Once the crowds thinned, I actually started enjoying running around DC. I kept my spirits up with the crowd support, it was incredible! Spectators must have been out because of the beautiful day, and for that, I was okay with the warmer temps. I also knew that somewhere in the crowd was my very best of all time support crew. Stephen and his daughter (we will call her Curly for now) were meeting to see me at mile 9 or 11, then again at 22. Knowing they were on the course for me was enough. I wanted to run well for them and I wanted to get to them as fast as possible because I knew Steve had a bottle of Tailwind ready for me. It would be my first time running with Tailwind which claims you don’t need gels or chews, just this drink. (I ate gels during my race until I got the Tailwind, just an FYI).

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When mile 11 came around I spotted the labeless bottle of Gatorade filled with Tailwind up in the sky. Steve was holding up the bottle above the crowd like the hammer of Thor! I spotted it easily and was SO EXCITED to stop and give a few sweaty hugs and kisses from my two favorite people and after he gave a few encouraging words, I was off again.

The fuel came in handy, Tailwind was a dream. I took small sips and held onto that bottle for about 10 miles until I finished it all. I was happy I didn’t have to stop at water stations and I felt incredible as I picked up the pace slowly through the 2nd half of the race.

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Once I was past mile 20, i knew there was no wall to crash into. A 10K is nothing after 20 miles. It was time to work and start pushing. Focus on the finish line, a cold beer and checking another race off your list. I spotted Steve and Curly one more time past mile 22, and then grabbed a small cup of beer from college kids shortly after. I’m telling you, grab beer in the end of a marathon. It’s liquid pain killer and carbs. I soooo needed that.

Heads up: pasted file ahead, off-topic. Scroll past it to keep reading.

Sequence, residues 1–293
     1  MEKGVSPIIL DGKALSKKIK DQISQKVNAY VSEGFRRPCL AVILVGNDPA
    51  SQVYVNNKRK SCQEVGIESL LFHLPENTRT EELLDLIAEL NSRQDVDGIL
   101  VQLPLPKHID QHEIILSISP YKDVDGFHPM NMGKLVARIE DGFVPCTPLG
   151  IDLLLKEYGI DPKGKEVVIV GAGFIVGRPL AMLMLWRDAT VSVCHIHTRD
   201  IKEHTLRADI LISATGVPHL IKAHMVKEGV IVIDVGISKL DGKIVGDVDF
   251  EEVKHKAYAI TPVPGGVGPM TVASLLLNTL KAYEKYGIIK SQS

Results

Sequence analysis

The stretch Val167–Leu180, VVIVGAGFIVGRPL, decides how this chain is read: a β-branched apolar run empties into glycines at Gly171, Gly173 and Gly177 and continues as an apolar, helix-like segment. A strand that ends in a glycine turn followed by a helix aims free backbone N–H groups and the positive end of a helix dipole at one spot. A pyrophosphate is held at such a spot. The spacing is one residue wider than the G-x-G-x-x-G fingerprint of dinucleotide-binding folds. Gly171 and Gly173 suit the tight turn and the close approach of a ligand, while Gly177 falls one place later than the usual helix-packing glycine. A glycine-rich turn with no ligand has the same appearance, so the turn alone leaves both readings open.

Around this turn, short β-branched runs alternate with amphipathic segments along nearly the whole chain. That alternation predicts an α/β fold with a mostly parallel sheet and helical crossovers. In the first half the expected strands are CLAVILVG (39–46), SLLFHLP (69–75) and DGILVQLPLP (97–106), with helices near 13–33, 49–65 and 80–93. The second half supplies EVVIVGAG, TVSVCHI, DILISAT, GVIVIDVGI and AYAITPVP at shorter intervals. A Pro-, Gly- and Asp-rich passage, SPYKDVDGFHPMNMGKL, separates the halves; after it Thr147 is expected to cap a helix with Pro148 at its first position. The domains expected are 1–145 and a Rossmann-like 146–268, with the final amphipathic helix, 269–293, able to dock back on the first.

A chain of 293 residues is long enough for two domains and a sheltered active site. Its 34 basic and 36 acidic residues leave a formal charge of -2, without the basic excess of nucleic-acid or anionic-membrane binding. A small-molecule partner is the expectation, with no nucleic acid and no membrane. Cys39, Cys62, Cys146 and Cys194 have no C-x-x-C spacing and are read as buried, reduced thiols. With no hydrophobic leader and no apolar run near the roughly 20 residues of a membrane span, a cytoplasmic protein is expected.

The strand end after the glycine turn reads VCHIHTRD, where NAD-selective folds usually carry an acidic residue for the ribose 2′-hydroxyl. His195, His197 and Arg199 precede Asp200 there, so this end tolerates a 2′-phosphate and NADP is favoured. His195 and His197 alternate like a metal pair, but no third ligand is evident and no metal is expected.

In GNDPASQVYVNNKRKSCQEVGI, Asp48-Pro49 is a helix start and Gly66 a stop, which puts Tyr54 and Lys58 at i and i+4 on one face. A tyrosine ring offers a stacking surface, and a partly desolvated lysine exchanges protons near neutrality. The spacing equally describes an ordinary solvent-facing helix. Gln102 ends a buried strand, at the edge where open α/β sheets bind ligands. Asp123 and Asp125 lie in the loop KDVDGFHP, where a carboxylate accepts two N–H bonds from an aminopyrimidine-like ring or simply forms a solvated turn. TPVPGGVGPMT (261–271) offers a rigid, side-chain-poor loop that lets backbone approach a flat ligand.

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The end of the race came quickly and I realized I was running where the port-o-pottys and corrals were earlier that morning, checked my watch and Dear God, I literally ran .7 tenths of a mile before the start! OH and the finish is on a bit of an uphill… but the elevation for the course is a joke. If you think Marine Corps is hilly please start running hills more often.

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574 total ft of elevation. 

By the time I hit that hill and crossed the finish line, I was ECSTATIC! My 2nd time qualifing for Boston, 2nd fastest marathon time and a negative split! 3:25:19

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the finish!

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With all that said, this is probably my favorite marathon to date. Reasons being:

  • Spectator support: There was hardly a single moment without people lining the course. Feeding off the crowd was key to my success that day.
  • Stephen and Curly. He has supported my fitness and running goals since the day I met him. Having an active crew on race day was so special. They both lit a fire in my heart that day.
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Curly liked the medal bc it opened and closed

  • The Blue Mile. I’ll never forget running a full mile where pictures of fallen service men and women lined both sides of the course. It’s amazing how long a mile feels when you see that many pictures of men, women and families. The volunteers held American flags at the end, creating a red, white and blue tunnel for the runners and thanked us as we ran by. All I could do was hold a hand over my heart and thank them. It was an emotional mile and hard not to get choked up.
  • I broke into the top 100 female finishers. Another thing I didn’t expect, but secretly wanted to happen one day.